With prolonged use Renaissance Wax will wear off however, you can maintain a comparable finish by simply applying a thin coat of good quality car wax; either paste or liquid to copper jewelry. It will leave a beautiful high polished finish as well as protect your jewelry from your body oils and prevent oxidation. The lack of oxidation will prevent your skin from turning green. The key is to keep your copper clean, wax coated or not. Dirty copper means eventually your skin may turn green. Not to worry; it’s not harmful in any way; just annoying and can be avoided. By following our suggestions on keeping your copper clean you shouldn’t have a problem. Keeping your copper jewelry clean is the key to keeping your skin from turning green, period.
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Wednesday, July 17, 2013

Flickr Flickr Flickr

I have a Flickr account!

  I just started it today.  I posted a bunch of pictures of my jewelry for all the world to see.  Please add me to your contacts.

Click here:  Leah Hoffman Jewelry on Flickr

AND, please don't forget to follow me on Instagram.  There I regularly post pictures of jewelry as well as some personal pictures.  I'm @Leahhoffman78

Mixed Metal Wrapped Intarsia Pendant

I've had this intarsia bead laying in a drawer for a couple of years. I've never felt inspired to do anything with it.  It's a rhodochrosite surrounded by obsidian.  Suddenly I had an idea. I had to do something that wouldn't overshadow the natural lines of the rhodochrosite, something that would compliment the rectangular shape of the bead. I decided to go for a very feminine form, the curve of a hip, the wisp of a waist.  This is the result.  The pendant features both upcycled copper as well as .925 sterling silver.  Its suspended on a fine 2mm leather cord. The clasp is handmade hand forged sterling silver and the eye hook is hammered copper in 12 gauge.  Everything but the bead has been hand crafted by yours truly.  It's one of my favorite pieces so far. And, it hangs beautifully.+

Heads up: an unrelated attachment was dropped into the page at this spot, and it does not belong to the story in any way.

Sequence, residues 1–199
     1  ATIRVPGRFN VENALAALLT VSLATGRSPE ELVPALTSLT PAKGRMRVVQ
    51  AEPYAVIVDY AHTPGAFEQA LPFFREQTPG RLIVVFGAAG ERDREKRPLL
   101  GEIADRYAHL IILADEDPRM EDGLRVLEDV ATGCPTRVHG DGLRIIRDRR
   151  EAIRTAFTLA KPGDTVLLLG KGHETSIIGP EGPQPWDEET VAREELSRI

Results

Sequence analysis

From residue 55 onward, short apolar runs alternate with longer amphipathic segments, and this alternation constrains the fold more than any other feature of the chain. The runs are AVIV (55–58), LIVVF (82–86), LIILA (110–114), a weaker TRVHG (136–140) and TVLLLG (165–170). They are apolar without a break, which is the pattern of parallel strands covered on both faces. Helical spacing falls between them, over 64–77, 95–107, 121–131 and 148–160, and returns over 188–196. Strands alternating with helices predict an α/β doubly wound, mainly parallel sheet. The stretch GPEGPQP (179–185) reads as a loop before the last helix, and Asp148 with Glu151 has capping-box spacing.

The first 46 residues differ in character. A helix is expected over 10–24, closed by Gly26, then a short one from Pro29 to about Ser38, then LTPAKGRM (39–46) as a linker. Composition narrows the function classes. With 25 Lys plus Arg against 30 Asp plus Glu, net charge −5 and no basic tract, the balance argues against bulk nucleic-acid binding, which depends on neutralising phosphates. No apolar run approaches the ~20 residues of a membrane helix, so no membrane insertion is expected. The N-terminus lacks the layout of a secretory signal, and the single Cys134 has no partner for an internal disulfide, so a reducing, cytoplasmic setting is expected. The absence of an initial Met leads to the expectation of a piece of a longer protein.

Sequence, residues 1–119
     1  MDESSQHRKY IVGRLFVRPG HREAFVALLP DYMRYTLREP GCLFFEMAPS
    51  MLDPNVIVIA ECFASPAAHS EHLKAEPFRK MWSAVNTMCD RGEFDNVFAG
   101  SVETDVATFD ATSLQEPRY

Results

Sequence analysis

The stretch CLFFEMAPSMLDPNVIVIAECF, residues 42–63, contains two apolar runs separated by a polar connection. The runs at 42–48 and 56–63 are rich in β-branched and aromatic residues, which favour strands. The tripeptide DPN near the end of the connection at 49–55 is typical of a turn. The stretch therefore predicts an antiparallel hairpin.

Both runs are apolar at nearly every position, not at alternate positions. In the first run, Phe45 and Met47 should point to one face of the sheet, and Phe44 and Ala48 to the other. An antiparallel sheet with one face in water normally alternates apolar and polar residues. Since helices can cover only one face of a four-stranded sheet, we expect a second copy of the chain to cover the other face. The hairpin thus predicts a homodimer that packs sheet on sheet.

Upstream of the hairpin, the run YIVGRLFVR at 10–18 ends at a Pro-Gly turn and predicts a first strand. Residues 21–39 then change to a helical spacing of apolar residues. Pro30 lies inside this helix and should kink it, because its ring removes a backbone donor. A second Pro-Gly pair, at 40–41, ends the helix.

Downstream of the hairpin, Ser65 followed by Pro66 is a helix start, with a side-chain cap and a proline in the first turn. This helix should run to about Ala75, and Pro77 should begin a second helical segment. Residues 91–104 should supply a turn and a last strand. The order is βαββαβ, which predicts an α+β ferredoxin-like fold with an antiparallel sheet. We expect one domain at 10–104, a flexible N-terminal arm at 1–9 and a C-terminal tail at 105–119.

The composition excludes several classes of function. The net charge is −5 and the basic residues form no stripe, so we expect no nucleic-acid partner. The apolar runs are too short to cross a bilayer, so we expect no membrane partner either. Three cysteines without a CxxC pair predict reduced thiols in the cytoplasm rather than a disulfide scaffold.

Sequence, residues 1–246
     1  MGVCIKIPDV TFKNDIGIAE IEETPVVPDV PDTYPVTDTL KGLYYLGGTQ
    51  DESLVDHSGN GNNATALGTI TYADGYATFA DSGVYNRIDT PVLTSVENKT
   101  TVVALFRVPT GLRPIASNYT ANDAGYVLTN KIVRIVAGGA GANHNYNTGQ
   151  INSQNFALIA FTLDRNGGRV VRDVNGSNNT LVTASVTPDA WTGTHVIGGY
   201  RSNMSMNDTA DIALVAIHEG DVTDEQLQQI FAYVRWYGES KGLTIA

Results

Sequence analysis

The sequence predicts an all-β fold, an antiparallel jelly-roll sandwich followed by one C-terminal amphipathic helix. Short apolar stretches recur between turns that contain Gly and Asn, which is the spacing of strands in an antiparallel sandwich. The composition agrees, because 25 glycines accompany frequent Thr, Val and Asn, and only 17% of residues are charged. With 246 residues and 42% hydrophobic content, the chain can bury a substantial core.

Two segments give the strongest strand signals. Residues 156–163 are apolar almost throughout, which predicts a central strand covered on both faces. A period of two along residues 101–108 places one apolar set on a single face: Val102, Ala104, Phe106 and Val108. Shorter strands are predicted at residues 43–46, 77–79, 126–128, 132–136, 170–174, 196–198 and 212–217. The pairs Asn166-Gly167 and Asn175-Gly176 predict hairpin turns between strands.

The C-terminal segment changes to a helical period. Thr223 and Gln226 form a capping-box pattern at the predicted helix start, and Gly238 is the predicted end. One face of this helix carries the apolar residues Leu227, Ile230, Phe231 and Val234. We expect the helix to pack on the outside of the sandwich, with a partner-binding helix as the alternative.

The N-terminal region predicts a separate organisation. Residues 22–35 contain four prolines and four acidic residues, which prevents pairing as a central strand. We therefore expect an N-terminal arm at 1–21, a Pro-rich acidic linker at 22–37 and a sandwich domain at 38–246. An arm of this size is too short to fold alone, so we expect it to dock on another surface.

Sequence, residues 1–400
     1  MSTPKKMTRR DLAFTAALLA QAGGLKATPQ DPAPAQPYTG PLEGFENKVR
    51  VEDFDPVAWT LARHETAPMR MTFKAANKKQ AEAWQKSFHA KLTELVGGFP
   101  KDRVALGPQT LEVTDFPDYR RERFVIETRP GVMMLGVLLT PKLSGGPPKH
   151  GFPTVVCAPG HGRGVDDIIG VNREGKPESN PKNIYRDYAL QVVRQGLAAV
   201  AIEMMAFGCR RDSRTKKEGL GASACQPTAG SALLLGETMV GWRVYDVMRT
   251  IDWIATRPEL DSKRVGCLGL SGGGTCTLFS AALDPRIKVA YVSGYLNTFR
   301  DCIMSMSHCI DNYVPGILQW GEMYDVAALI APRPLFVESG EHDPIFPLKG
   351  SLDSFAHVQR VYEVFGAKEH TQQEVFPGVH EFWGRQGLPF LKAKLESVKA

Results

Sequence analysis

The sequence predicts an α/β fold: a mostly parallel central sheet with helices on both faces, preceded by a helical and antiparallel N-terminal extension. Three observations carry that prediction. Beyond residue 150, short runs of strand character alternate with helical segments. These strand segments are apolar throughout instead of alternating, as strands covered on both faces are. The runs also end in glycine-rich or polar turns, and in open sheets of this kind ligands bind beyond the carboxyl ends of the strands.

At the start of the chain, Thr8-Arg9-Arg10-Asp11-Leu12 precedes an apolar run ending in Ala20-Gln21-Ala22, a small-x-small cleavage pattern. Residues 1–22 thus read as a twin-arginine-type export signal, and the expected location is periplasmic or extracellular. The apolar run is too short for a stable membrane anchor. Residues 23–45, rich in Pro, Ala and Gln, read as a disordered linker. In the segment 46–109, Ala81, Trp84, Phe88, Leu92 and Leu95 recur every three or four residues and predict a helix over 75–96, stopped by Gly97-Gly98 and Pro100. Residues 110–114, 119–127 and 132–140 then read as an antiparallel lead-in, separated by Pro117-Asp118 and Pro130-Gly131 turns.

Monday, July 15, 2013

Up-cycling (Letting the Cat out of the Bag) and an Ode to Iowa

Did you know that some of the copper wire that I use to make my pieces is actually scrap copper that my  contractor father-in-law gives me? It's called "upcycling" and it's about taking something that would otherwise be discarded and breathing new life into it. He brings me buckets of old cords and wires he pulls out of construction jobs. I strip, clean and measure the gauge of the wire. Then, I use that wire to create the very jewelry you see here on my site. It's Earth friendly. At first I was advised not to let my customers know this, but in my heart I know that most people will appreciate will actually think it's really cool and appreciate that in another life your necklace, viking knit bracelet or Bold Swirl Ring might have had a current running through it, giving power to somebody's home.

Here is a new creation, a Geode pendant on a handmade viking knit chain.  The Geode is the Iowa state rock.  Being an Iowa girl, I thought it'd be great to make a necklace featuring this beautiful stone.

I am also posting a picture of the wire Iowa 80/35 Des Moines pendant I made.  

Sunday, July 7, 2013

New Bold Swirl Rings and a Super Rosette

 All of these rings have been spoken for, but if you're interested please send me a message. I'll be happy to custom make a ring in your size and metal.